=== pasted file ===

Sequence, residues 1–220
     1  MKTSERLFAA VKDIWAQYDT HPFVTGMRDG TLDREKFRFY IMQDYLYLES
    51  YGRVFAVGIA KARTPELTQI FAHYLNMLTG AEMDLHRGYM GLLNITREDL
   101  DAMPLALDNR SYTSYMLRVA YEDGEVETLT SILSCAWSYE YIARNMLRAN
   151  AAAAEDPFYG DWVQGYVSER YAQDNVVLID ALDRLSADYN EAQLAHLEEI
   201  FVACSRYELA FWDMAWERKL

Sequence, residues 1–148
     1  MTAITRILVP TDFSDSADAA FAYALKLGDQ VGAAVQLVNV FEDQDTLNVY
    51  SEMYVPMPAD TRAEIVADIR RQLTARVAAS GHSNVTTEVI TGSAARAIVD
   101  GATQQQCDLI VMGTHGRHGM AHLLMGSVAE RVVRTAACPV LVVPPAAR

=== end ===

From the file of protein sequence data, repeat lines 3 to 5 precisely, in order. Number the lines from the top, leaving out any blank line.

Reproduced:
    51  YGRVFAVGIA KARTPELTQI FAHYLNMLTG AEMDLHRGYM GLLNITREDL
   101  DAMPLALDNR SYTSYMLRVA YEDGEVETLT SILSCAWSYE YIARNMLRAN
   151  AAAAEDPFYG DWVQGYVSER YAQDNVVLID ALDRLSADYN EAQLAHLEEI